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Author: MikeNoonan One star, 50 posts Old School Fool Add to my Favorite Fools Ignore this person (you won't see their posts anymore) Number: of 19257  
Subject: Third Age ?? Date: 11/21/2000 12:42 AM
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I read an article in Modern Maturity a few years ago on retirement. It reported that the French do not have a word for retirement but instead call it the Third Age. I like that.

Our First Age is one of preparation (education, socialization, just plain growing up to some sort of marturity level). Our Second Age is one of, in general, testing out our new found independence to raise families, try different jobs, create social change, earning hard knocks, and so on. Some of these things are still going on in our Third Age but somehow they seems more tempered and yet more sharply defined, and with a sense of 'let the younger ones have their shot at it now". Been there, done that.

But what I think really separates the Third Age from the Second is financial independence. In the Second Age we needed money to make our lives happen. Some need more than others. We took jobs or owned companies and a certain number of hours were no longer our own. When we achieve financial independence, at what ever physical age, we are given those hours back to fill how ever we want too. Some handle it better than others. For some their job defines them (or so they think) and they keep working. Fine, that's their choice. For me my headstone will NOT say "here lies the greatest analyst this company has even known".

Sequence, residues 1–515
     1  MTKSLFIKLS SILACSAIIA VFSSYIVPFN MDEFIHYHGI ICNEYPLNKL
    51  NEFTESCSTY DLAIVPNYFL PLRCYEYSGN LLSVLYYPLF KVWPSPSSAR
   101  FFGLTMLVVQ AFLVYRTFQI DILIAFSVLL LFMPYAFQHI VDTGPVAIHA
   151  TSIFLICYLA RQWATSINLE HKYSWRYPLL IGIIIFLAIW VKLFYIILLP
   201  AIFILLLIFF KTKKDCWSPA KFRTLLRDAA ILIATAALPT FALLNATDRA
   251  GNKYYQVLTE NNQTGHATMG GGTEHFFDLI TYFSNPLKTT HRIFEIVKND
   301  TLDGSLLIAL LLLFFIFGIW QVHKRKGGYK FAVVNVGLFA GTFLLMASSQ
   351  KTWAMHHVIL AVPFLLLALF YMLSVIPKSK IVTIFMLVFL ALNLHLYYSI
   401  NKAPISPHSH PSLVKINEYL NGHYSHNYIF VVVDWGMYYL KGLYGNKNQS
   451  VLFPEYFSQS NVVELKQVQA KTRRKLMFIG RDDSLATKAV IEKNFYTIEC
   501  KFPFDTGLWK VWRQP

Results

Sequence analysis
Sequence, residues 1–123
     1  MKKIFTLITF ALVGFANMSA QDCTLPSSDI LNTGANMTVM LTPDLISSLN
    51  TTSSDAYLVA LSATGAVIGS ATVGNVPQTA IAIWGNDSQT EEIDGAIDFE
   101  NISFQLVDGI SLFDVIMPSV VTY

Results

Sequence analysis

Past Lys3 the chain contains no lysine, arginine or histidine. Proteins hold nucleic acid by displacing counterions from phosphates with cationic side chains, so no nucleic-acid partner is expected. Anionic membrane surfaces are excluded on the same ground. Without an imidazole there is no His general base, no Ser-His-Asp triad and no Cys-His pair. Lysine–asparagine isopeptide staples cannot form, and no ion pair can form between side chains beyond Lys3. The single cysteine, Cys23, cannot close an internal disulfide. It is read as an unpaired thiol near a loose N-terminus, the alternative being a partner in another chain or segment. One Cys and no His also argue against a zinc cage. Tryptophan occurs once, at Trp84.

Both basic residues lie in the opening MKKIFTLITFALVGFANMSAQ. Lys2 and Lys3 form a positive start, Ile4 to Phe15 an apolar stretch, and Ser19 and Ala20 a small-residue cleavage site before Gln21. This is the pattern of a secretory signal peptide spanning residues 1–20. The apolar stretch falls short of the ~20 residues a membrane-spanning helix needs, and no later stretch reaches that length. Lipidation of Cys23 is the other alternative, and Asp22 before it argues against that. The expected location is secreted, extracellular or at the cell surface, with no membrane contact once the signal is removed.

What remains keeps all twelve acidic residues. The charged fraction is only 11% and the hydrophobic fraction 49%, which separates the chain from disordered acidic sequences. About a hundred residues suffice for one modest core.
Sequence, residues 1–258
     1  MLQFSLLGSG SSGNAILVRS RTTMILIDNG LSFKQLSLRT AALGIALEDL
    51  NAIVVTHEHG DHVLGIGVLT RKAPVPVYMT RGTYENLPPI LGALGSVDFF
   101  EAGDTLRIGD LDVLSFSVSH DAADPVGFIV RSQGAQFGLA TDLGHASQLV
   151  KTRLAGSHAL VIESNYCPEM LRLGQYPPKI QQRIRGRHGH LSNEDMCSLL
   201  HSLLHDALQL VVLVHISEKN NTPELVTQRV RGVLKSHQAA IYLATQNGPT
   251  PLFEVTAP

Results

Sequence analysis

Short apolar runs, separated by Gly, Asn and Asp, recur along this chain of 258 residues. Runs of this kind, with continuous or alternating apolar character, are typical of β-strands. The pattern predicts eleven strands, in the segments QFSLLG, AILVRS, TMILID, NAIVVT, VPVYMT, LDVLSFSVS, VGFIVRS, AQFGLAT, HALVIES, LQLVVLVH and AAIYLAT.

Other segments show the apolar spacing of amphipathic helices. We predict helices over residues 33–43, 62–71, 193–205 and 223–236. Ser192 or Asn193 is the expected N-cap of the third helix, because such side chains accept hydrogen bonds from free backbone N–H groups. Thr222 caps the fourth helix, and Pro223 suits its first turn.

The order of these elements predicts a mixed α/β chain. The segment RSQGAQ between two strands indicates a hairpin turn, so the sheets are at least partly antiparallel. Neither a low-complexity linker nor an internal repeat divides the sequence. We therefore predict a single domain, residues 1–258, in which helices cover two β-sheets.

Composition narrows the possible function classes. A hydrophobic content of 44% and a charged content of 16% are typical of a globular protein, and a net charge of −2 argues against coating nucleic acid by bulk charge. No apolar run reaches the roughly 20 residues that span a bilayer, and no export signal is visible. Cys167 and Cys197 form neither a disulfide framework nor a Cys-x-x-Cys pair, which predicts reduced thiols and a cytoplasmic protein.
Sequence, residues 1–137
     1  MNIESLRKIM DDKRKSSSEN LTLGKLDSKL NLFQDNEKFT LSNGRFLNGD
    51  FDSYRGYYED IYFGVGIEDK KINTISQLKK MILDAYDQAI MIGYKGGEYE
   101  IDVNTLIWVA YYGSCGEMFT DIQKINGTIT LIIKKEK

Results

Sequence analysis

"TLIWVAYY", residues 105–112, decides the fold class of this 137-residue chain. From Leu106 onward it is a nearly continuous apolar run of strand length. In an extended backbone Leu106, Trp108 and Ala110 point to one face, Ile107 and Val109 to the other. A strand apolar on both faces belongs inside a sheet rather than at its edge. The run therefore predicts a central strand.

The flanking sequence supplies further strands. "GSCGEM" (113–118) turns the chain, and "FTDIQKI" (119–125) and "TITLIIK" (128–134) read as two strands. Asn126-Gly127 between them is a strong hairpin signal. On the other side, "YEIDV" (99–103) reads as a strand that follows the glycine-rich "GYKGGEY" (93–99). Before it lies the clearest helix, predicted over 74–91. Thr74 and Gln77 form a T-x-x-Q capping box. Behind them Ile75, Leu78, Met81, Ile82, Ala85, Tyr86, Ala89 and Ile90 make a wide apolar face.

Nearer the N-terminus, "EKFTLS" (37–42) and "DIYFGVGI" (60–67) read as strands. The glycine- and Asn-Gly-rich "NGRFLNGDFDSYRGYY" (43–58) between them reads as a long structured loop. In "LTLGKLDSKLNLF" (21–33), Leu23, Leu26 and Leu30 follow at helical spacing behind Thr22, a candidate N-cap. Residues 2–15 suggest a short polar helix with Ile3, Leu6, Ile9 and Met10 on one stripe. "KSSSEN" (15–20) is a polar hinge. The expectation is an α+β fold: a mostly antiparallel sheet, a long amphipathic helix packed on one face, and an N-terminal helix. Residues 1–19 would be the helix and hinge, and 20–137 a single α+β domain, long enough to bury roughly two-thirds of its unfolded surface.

Me, I haven't looked back one day in the year and eight months I took those hours back. I tell everyone that I'm gainfully unemployed. I don't work; even those few hours I put in for a non-profit looking for affordable housing for seniors, I consider it as giving back. I apply those things that I learned about corporate life to make the agency more successful with the few resources it has.

I think in our Third Age we should by now have some knowledge and wisdom, and now should turn around and mentor others through their early ages. God knows we have enough time to do it now. I've got thirty years to fill out and I'm a long term investor in alot of ways.

Best Regards, Mike Noonan
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Author: TMFPixy Big gold star, 5000 posts Add to my Favorite Fools Ignore this person (you won't see their posts anymore) Number: 5632 of 19257
Subject: Re: Third Age ?? Date: 11/21/2000 9:04 AM
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Mike writes:

But what I think really separates the Third Age from the Second is financial independence. In the Second Age we needed money to make our lives happen. Some need more than others. We took jobs or owned companies and a certain number of hours were no longer our own. When we achieve financial independence, at what ever physical age, we are given those hours back to fill how ever we want too. Some handle it better than others. For some their job defines them (or so they think) and they keep working. Fine, that's their choice. For me my headstone will NOT say "here lies the greatest analyst this company has even known".

Well said! I like that concept as well.

Regards..Pixy

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Author: riverlad Big red star, 1000 posts Old School Fool Add to my Favorite Fools Ignore this person (you won't see their posts anymore) Number: 5636 of 19257
Subject: Re: Third Age ?? Date: 11/21/2000 11:00 AM
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A very interesting perspective, Mike - at 67, I'm sort of semi-retired, spending much of my waking hours trading stocks and trying to learn all those things that never got learned before I had the luxury of listening to the Boston traffic reports from my home office.
This age, whatever it's called, has a rich potential for growth that's too often overlooked or squandered. It does take some preparation during the Second Age to deal with the changes, both positive and negative, that seem fairly common to this phase of our lives, but we usually have the advantage of less responsibility to others and some gathered experience. It seems that attitude is the single most important factor in determining what we make of this opportunity. Sure, health and wealth are not to be despised, but even they are relative values over which our attitudinal orientation can triumph.

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